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Thread: Company Not To Buy From!!

  1. #1
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    I was thinking of adding a Laser to my gun. Looking around as to what I wanted I found a company in the city I live in. Here in Arizona being one of the more pro gun states there is a company called Laserlyte. I went to the office intending to check out their products first had. The first thing I see on the door is a NO FIREARMS SIGN. To me it doesn't get anymore hypocritical then to have a business selling gun accessories and have an Anti Gun Policy. I for one will never buy and products they make. If you agree with me pass the word on all the forums your on. If you feel i'm wrong in my feeling so strong let me know

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    lostone1413 wrote:
    I was thinking of adding a Laser to my gun. Looking around as to what I wanted I found a company in the city I live in. Here in Arizona being one of the more pro gun states there is a company called Laserlyte. I went to the office intending to check out their products first had. The first thing I see on the door is a NO FIREARMS SIGN. To me it doesn't get anymore hypocritical then to have a business selling gun accessories and have an Anti Gun Policy. I for one will never buy and products they make. If you agree with me pass the word on all the forums your on. If you feel i'm wrong in my feeling so strong let me know
    They can't be all that opposed to firearms if they sell gun accessories. If the people behind the business were really opposed to firearms, they'd sell Sarah Brady bumperstickers.

    I imagine they have the sign posted because they've had the occasional idiot mishandle a loaded gun, or maybe they wereswept by a muzzle.

    Until I knew more, I'd be inclined to accept their judgement temporarily.
    I'll make you an offer: I will argue and fight for all of your rights, if you will do the same for me. That is the only way freedom can work. We have to respect all rights, all the time--and strive to win the rights of the other guy as much as for ourselves.

    If I am equal to another, how can I legitimately govern him without his express individual consent?

    There is no human being on earth I hate so much I would actually vote to inflict government upon him.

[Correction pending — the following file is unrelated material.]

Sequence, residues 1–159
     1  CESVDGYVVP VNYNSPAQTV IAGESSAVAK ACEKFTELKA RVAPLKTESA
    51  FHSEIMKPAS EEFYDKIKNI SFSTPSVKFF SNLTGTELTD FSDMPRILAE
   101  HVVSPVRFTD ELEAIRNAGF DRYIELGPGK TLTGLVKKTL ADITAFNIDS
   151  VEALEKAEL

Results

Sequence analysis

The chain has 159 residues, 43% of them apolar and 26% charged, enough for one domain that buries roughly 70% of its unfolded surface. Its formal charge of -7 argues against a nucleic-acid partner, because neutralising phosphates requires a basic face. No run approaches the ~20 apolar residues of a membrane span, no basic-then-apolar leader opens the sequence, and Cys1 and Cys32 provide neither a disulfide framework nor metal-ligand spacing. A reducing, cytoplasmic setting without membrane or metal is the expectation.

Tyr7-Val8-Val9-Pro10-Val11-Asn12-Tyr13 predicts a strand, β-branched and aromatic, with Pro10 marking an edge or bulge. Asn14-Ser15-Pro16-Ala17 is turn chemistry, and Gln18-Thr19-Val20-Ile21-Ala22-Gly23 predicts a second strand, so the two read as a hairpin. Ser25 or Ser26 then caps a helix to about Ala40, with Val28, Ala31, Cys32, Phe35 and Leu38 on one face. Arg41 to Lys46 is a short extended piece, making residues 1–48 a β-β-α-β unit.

3. #3
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    I think you are probably correct on that. Last week I visited several gun stores that had signs on the door saying to unload all guns before entering. I seems that recently someone brought a gun into one of the stores for repair and while showing it the gun went off and hit one of the employees.

    Not all customers have enough sense to be safe and they get a lot of people carrying in gun stores.

  4. #4
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    The indoorrange I belong to has a big ole sign that says all firearms must be unloaded when entering the store.Reason for this is if you fire on there range you must use there ammo. I am ok with that I keep a spare mag in my shooting side pocket so that when I leave the storeI pop that in and go aboutmy buisness. The owner seems to be ok with this procedure.

  5. #5
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    PT111 wrote:
    Not all customers have enough sense to be safe and they get a lot of people carrying in gun stores.
    +1


    Though I do know that at one of my favorite gun stores, a couple of the guys CC there.
    Why open carry? Because 1911 > 911.

  6. #6
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    Insurance companies seem to be at the root of some, if not many, of these restrictions. For example, gun shows commonly prohibit loaded firearms at their shows. The reason is that their insurance company won't insure them unless they prohibit loaded guns. No insurance, no show. Gun stores are in much the same predicament. No insurance, no gun store.

    Employers and anybody else running a business is virtually certain to be saddled with all kinds of requirements driven purely by their insurance company and the claims and lawsuits the insurance company is trying to avoid. They call that "risk management". Bottom line: No insurance, no business.

    All it takes is one careless moron handling a loaded gun that should have stayed in the holster or otherwise touching off a round that shouldn't have been fired to ruin things for everybody. As another poster said, not everybody has enough sense to be safe.

    That being said, not everybody reacts in knee-jerk fashion when something goes wrong. I was at a gun store several years ago when a customer who was showing off their nice 1911 style .45 fired a round into the wall. Went between two very expensive rifles without hitting either, and through a wall into a storage closet, bending the tip of a single .223 round in a box of ammo before stopping in the cinder block wall on the other side of the storage room. The guy with the .45 said, "What the *&^% was that??" Store owner calmly replied, "That was your gun going off, dude." And they did ask him to unload the gun. They could have gotten real draconian for everybody, but simply put up a sign later that read, "No handling of loaded guns. No exceptions." Can't say as I blame them.

    Don't know what the story is with the Laserlyte guys is. I'm sure that either their insurance company, or a prior bad experience is behind the "no guns" policy. Wouldn't be a bad idea to ask before organizing a boycott.

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